From Henry Flagler to Big Sugar, abusing the environment is a proud Florida pastime. The Sunshine State is a natural wonder, full of rare birds, beautiful fish, and people hellbent on killing every last living thing they encounter. Take, for instance, this week: On Monday, Capt. Mark "the Shark" Quartiano, the infamous Miami shark hunter New Times profiled in 2016, caught a group of would-be anglers torturing a shark by dragging it behind their boat until it died.
The anglers apparently sent Quartiano the video themselves, thinking he'd applaud their shark-abusing ways. Instead, Quartiano posted the clip online to shame them, and now Florida Fish and Wildlife officials confirm they've identified the fishermen in the video and are investigating the incident. (Because charges have not been filed yet, FWC declined to name the suspects; New Times is likewise not naming them. The abuser could not be reached for comment.)
But FWC officials have confirmed that one of the men involved has posted numerous photos of himself abusing other animals, including protected species of fish, multiple pelicans, and at least one dog. The photos suggest that the fisherman in question, who repeatedly bragged about being one of FWC's "Most Wanted" for violating state law, should likely have been apprehended long ago.
"CAN SOMEONE PLEASE TELL ME WTF IS GOING ON HERE ????" Quartiano wrote on Instagram in response to the shark clip, which has now gone viral. "JUST GOT THIS ON MY
In the now-infamous clip, one of the men in question
Interestingly, Mark "the Shark" Quartiano has himself sparred with conservation experts, who say sharks are
A cursory look at the suspect's Instagram account (which he has since made private) shows that the fisherman has spent quite a long time pestering, bothering, or outright abusing animals for fun. In multiple photos posted to his account, he repeatedly poses with trapped pelicans, draping them across his body, bragging that they're his "pets," and
He's also been photographed posing with banned fish: The suspect has posed alongside multiple Florida tarpon fish, which are a catch-and-release-only species. But in multiple shots, the fisherman bragged about pulling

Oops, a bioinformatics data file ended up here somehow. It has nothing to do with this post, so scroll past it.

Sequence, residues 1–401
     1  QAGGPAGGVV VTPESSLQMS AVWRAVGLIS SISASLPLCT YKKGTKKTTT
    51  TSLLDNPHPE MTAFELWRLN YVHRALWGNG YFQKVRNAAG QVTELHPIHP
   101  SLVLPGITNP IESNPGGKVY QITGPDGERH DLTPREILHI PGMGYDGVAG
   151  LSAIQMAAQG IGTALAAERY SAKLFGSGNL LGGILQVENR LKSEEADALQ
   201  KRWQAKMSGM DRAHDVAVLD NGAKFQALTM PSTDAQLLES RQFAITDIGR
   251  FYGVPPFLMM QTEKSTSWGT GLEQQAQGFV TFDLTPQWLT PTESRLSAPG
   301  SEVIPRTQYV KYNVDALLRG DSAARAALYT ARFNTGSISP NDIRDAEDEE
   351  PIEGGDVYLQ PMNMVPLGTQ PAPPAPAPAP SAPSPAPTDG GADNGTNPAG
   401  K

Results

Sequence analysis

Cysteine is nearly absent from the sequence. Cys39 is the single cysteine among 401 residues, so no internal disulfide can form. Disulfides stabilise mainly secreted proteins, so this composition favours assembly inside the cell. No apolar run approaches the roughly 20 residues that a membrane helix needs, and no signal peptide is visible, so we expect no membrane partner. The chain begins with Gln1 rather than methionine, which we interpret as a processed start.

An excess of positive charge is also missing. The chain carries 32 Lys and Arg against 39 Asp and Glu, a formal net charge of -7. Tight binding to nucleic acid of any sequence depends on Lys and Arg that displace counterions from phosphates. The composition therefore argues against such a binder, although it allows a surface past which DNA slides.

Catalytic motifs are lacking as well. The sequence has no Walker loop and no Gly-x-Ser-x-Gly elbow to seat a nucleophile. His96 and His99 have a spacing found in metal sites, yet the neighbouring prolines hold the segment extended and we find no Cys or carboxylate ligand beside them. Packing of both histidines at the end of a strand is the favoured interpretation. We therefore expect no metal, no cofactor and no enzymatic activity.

"#HatersGonnaHate," he wrote, alongside a photo of
In another shot, he and some friends boasted about nabbing a spotted eagle ray, another protected species. The group of four men in the shot bragged that the ray was "shark bait."
But that's not the worst thing the suspect in question bragged about using as "shark bait." In fact, he was also photographed holding what he claimed was a dead dog — and bragged that the group of fishermen threw the dog into the water to attract sharks.
"Found this dog floating down the river," he wrote online. "#RabidDog #SaltyDog #SavedALife #WashedUp #SharkBait."
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Another friend commented later down: "Yeah, he was dead, sadly. But [name redacted] didn't let the meat go to waste."
FWC officials told New Times via email that the agency's enforcement bureau was able to quickly identify the people involved in the shark-dragging clip thanks to tips from citizens.
"It is too early to speculate as to what, if any, violations took place in this incident," FWC spokesperson Robert Klepper said via email. "However, the FWC would like to state that the lack of respect shown in this video for our precious natural resources is disheartening and disturbing, and is not representative of conservation-minded anglers around the world."
The FWC says citizens can report additional tips to the FWC’s Wildlife Alert Hotline at 888-404-3922 or firstname.lastname@example.org.